Due to all this activity as well as the lengthening of the legs and arms, your child’s baby fat will begin to make way for lean muscles. Between one and two years, your child will begin drinking whole milk from a bottle or sippy cup rather than breast milk or formula. Additionally, his or her appetite may become very picky. Don’t fret over this pickiness—simply offer healthy options for each meal—your child will eat when he or she is hungry. If you have any questions, feel free to give our office a call.
We know that choosing the right pediatrician is an important decision for parents when considering the health and well-being of their child. For this reason, our office is designed for individualized pediatric care and services.
Children at One Year
One year can be a complicated age. Often times, one-year-olds can be friendly, social, and fairly easy going. However, they are often running around and can become demanding at times. They are on a constant quest for independence, but are easily frustrated if they fail at a task.
Your child’s ability to speak will flourish from ages one to two, as most children develop a vocabulary of 50 words or more, about half of which will be comprehended by strangers. It’s also during this time that your child will walk, run, climb, and learn to walk up stairs with relative ease. They will begin to enjoy playing with toys and objects, from kicking balls and stacking blocks to opening and closing cabinets.
As much as you love your toddler, he or she can be frustrating at times. Toddlers are often difficult, and they tend to think the world revolves around them. Sharing is difficult, as they are competitive (especially for their toys) and arguments with others their age can lead to kicking, screaming, and sometimes biting. Moreover, a toddler’s newfound independence can result in them throwing tantrums and making a scene.
It’s important to maintain a daily routine, which allows you to predict when your child will be tired, hungry, or not feeling well. This can help greatly in reducing bad behavior in your little one. “Time out” can be a very beneficial tactic to use during this stage. Assuming your child is safe, it is fine to ignore the tantrums and go on about your daily routine.
Children at Two Years
There’s no need to fear the “terrible twos”. For some toddlers, the time between 18 and 24 months results in a period of relatively good behavior. At two years, the child is often more self-confident and able to complete simple tasks. They are learning to grasp language and will often sit still in your lap rather than trying to escape. They will observe you doing chores around the house, and will try their best to “help”. Take care to store any medicines or chemicals out of reach, as your little one will be inclined to explore constantly.
At some point during this year, the “terrible twos” will begin to show. During this time, routines are vital in quelling tantrums and bad behavior. Despite the difficulties of managing a two-year-old’s often frustrating behavior, this is an exciting time to be a parent. Your child will be growing and learning in ways you have not yet seen and the year will seem to fly by.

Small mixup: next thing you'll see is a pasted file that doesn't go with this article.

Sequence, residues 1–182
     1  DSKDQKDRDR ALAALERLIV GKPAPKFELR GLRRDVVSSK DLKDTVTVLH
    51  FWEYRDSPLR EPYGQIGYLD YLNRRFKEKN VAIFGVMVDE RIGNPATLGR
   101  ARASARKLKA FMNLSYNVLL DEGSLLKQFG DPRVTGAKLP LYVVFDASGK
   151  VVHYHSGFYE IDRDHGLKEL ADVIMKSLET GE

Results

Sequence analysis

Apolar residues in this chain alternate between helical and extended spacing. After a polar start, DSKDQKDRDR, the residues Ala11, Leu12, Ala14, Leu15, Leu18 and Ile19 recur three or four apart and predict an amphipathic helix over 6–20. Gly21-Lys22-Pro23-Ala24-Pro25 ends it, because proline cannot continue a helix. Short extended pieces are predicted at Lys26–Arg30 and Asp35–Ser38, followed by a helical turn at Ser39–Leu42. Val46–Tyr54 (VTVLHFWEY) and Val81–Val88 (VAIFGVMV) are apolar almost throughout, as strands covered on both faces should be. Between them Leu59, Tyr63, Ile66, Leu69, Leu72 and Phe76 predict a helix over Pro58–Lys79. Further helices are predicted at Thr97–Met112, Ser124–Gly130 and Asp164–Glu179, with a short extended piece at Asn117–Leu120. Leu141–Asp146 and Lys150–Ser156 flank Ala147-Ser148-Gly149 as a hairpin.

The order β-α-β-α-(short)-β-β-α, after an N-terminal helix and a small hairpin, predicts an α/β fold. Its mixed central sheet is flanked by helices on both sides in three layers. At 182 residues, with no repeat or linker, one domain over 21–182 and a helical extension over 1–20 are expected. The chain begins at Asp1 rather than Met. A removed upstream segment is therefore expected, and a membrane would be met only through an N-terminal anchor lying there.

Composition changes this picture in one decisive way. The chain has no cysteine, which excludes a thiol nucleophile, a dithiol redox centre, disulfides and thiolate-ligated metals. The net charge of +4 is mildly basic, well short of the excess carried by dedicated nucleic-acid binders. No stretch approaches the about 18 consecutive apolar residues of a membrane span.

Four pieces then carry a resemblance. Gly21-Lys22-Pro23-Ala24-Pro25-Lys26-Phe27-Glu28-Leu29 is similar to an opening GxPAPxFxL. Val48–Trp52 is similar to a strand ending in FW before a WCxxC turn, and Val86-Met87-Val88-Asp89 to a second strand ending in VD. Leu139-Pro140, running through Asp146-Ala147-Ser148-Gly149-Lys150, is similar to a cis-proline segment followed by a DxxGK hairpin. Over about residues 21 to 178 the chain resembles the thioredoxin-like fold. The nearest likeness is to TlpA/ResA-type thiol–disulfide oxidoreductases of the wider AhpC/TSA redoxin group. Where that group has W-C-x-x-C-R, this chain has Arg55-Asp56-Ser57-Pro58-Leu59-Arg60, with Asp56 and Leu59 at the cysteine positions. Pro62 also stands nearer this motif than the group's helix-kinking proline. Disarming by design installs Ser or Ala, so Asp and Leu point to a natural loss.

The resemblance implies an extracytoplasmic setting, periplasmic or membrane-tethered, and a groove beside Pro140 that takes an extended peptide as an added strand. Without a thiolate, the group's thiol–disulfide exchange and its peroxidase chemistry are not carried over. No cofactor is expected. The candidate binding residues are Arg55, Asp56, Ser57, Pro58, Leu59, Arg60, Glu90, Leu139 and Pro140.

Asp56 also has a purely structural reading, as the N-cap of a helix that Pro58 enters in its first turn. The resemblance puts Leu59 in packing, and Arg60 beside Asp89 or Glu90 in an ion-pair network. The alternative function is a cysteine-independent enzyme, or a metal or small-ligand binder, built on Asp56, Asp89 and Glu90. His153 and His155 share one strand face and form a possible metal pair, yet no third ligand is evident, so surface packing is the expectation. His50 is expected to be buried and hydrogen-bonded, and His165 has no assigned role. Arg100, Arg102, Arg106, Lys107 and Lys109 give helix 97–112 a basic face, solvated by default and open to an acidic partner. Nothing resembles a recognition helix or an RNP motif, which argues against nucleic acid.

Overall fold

This is usually the time that children begin taking an interest in, or even completing, their potty training. Additionally, they will likely want to brush their own teeth and begin eating with utensils. Enjoy the bonding moments with your child—when they want to cuddle or snuggle—before you know it, they’ll be off to the races again.
Children at Three Years
Parents tend to describe their children as ‘angels’, which is understandable having made it through the two-year-old phase. Three-year-olds are often much more social. They begin to make friends and are much more cooperative than your average two-year-old. Three-year-olds will start to understand the concept of ‘we’ instead of ‘me’, and are much more inclined to have fun and work with their parents in a productive way.
Though three-year-olds can still be cranky and stubborn at times, they are becoming better at verbal expression. This helps minimize the temper tantrums while also allowing them to express themselves with words, rather than physical actions. Most of the things they say are comprehensible to others, and outside of playing the “why?” game, it is entertaining conversing with them, as they have bright imaginations.
At this age, kids become more nimble because they’re developing better motor skills. From stacking blocks to drawing with markers, at three years old, children are making significant gains in terms of hand-eye coordination. This is also the point when he or she will be finishing up potty training and are nearly ready for a toddler bed.
Another pleasant aspect of three-year-olds is their ability to process empathy. They begin respecting the thoughts and feelings of others, rather than only themselves. A three-year-old will begin reacting to their environment, so positive reinforcement is encouraged in order to stimulate their ever-growing curiosity.
Don't Forget to Have Fun!
Remember, three-year-olds are a blast! Cherish the times you’re able to spend with your older toddler. They are on a constant quest for independence and preschool is right around the corner. They’ll be off to school before you know it!